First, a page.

I am my content. I have been a content creator since I learned how to speak and how to hold a pencil. I’m creating content every day of my life both professionally and personally. I create content every time I send a photo of my dog to my sister and every time I write a review of a movie or book that I loved. Some of this content is shown in front of an audience of over 1 million and some of it is for my eyes only. Interestingly enough just about all of this content is digital and when I am not creating my own digital content I am consuming other’s digital content.
Before we can talk about the history of content strategy and answer the question: has there or has there not been a change to the practice of content strategy in the past decade? I think it would be beneficial to take a moment to explain what the term content strategy really means. According to UX Mag content strategy can be defined as “the plans for the creation, delivery, and governance of useful, usable content” and according to Moz, content strategy “concerns itself with the vision—the ins and outs of how and why your content will be created, managed, and eventually archived or updated.” In my opinion content strategy is the “how” behind the “what”. The what being your content and the how being how you’re going to push that content out to people successfully.
Meghan Casey, in her book The Content Strategy Toolkit, goes into great detail in order to give a step-by-step guide on how to create and plan content, deliver that content successfully and how to manage that content. Casey takes special care in explaining budget, buy-in and preparing for success. Everything Casey says is important for the budding content creator to absorb, but these three elements are especially important in developing a content strategy. These elements are so important in fact that Casey covers them within the first five chapters of the book. But why are they so important? And how can we expect to use them in a helpful way in a real world setting?
Quinnipiac University is a private university located in Hamden, Connecticut. The university was founded in 1929 and has roughly 7,000 undergraduate students. These students, including graduate students pursuing their master’s degree must navigate MyQ.com for information, access to blackboard, access to plan their future courses, housing information and much more. My Q serves as a starting off point for students to learn information on almost any topic regarding student life as well as a way to access their e-mail, self service and web advisor accounts.
My Q is a site used by Quinnipiac University undergraduate and graduate students as well as staff and faculty. The purpose of the site is to direct users to information, forms and third party applications related to the University. Usability tests were conducted on three participants to determine how difficult or easy it is to navigate My Q in its current state.
If you haven’t read my previous blog post about another great UX method called Business Origami I definitely recommend checking out that post before reading this one. If you take anything away from reading that post it should be that there’s so many different methods of UX design and there’s no right or wrong way to do any of these methods. Another one of my favorite methods, aside from Business Origami, is the RITE method, also known as Rapid Iterative Testing and Evaluation. How can you not like the RITE method, it’s literally the right method to use! But enough word puns (for now) let’s talk more about what the RITE method actually is.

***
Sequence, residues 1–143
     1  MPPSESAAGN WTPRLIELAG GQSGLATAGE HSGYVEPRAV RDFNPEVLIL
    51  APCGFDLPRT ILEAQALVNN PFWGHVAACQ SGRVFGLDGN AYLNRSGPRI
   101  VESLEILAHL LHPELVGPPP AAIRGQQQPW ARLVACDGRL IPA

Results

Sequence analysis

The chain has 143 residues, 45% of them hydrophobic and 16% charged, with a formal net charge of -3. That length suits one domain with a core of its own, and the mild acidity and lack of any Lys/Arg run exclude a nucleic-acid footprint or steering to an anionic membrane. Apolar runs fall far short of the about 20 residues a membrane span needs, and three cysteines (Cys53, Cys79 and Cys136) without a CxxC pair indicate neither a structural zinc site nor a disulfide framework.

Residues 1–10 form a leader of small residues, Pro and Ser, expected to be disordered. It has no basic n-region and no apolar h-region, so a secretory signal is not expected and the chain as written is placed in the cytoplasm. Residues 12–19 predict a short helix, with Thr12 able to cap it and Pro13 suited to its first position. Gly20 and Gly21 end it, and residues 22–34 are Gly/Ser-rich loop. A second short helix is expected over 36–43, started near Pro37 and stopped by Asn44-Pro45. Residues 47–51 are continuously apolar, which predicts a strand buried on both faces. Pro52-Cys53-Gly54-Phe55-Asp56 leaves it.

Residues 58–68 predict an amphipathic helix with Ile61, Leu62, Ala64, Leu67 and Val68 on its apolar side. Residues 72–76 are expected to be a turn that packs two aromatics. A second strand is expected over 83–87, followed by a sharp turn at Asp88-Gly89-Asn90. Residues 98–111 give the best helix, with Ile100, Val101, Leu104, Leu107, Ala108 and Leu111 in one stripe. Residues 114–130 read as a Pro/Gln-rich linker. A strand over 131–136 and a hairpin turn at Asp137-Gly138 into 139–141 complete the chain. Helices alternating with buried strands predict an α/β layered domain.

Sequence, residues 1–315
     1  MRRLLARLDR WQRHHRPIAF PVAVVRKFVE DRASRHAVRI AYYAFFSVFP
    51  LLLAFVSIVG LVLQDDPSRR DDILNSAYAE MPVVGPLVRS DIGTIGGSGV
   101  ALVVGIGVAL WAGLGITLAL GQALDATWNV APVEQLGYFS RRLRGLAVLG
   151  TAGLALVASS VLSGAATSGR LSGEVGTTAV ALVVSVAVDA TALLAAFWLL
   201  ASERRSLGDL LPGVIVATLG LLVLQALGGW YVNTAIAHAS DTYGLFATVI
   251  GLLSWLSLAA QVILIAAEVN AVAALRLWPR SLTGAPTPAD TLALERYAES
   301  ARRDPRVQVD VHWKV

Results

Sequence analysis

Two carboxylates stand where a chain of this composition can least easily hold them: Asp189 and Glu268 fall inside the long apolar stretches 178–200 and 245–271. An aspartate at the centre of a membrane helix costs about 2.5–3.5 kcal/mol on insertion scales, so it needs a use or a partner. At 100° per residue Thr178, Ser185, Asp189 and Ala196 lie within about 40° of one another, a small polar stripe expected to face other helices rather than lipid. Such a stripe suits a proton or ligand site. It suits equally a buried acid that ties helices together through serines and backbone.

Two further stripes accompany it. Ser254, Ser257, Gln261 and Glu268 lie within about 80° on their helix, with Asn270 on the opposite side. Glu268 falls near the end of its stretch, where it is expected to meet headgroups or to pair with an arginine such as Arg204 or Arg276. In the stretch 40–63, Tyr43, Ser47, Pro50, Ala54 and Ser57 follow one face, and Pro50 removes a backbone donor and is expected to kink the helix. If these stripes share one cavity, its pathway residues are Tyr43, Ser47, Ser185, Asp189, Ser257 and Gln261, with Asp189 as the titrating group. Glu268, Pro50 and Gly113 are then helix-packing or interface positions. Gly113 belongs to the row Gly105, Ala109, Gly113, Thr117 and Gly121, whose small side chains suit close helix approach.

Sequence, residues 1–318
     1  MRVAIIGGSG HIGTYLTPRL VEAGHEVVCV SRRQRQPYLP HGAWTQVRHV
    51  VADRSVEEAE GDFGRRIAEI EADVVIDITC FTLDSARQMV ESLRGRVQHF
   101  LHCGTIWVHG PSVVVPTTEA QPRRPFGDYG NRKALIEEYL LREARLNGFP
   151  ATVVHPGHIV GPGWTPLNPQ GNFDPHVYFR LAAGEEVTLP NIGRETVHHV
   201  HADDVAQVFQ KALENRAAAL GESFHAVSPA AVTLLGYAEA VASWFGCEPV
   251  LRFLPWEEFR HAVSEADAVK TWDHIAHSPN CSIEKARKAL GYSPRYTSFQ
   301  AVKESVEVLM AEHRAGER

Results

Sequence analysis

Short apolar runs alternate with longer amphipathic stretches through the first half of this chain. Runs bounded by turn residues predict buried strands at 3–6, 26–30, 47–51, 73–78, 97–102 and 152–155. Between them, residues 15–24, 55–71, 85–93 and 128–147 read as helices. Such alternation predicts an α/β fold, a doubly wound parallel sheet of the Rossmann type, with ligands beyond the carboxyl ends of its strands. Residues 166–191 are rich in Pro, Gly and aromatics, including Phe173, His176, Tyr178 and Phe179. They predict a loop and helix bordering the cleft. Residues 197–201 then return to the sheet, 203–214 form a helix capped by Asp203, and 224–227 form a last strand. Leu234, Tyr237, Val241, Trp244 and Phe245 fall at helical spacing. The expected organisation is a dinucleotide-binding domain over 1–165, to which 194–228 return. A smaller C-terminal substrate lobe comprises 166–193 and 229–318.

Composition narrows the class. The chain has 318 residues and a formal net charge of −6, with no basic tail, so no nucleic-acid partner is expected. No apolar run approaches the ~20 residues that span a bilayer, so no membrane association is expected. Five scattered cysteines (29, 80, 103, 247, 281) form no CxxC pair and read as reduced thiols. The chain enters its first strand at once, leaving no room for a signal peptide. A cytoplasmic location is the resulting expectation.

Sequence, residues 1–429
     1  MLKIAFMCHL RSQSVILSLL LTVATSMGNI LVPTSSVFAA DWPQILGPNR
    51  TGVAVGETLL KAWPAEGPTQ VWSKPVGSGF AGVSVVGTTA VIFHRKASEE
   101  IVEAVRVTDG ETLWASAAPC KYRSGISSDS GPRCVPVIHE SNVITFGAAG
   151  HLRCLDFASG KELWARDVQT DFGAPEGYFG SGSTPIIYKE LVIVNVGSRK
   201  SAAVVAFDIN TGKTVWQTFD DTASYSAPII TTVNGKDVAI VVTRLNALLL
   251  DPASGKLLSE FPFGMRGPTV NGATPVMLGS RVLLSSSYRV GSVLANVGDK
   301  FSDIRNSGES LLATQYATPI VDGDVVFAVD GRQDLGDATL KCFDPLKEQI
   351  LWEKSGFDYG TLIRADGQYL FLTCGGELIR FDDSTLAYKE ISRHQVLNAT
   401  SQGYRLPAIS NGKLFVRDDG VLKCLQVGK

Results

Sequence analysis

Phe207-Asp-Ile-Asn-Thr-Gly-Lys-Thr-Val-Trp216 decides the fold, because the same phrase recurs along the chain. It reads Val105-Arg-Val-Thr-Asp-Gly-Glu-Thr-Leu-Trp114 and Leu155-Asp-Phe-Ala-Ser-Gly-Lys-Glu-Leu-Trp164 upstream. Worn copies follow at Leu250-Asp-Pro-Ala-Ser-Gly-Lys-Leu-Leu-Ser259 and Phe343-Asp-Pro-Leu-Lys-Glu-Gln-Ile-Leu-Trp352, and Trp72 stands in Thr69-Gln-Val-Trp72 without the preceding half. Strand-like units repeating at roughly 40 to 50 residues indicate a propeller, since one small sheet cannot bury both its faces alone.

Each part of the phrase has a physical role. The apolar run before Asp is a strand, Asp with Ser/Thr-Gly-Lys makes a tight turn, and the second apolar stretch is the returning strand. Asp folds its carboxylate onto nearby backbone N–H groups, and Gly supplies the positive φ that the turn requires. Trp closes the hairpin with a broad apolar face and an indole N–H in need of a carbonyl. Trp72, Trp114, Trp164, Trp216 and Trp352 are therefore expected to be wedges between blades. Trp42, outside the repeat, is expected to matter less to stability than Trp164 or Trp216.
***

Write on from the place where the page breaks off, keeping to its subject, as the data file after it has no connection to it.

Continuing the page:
Jimmy Fallon. James Corden. Trevor Noah. What do all of these people have in common? (Aside from being hilarious.) They’re all great at interviews! There’s so much more to being good at interviewing besides sitting next to someone and asking them a simple question, getting a simple answer in response and repeating it over and over. If that was the case then these hosts wouldn’t be half as popular as they are today. When it comes down to it there are Five Phases of an Interview that everyone should go through when it comes to collecting data. No promises you’ll be the next Jimmy Fallon at the end of it but you’ll definitely get some just as good results.
Throughout my seven weeks in my Principles of User Experience graduate class I have learned so much and taken away such important information that I find myself wondering how I could have considered myself a designer without this class. Perhaps that was a bit dramatic but I definitely consider myself a better designer after having taken this class. (And at this point do you really expect anything other than ~dramatics~ from me?) In all seriousness because I learned so much and did such great work with this class I created a mini portfolio of my work. I’ll also go through each module in the class and explain what I did and what I learned in the module because not everybody can take a graduate class and this way you’ll get the Spark Notes of what I learned.
Well here we are! Creating a Journey Map is the last assignment in my Principles of User Experience Design class and in true Libby fashion I did the assignment wrong the first time and had to start over. But hey, bright side! At least I recognized the fact I did it wrong and could do it over. And it was a learning experience and all that. The thing is I don’t think I did the assignment wrong the first time, per say, because when it comes to journey maps it’s all about a journey, I just didn’t realize that for the assignment the journey had to be a journey to purchase something. Wow, I just realized I’m going to say journey A LOT in this blog post.
There’s a lot of different ways to ideate, but not all ideation techniques are created equally. Often time you have to try out different techniques first before finding the perfect solution. Luckily there’s no such thing as a bad idea and most of the time any of these techniques can bring you a new perspective or idea.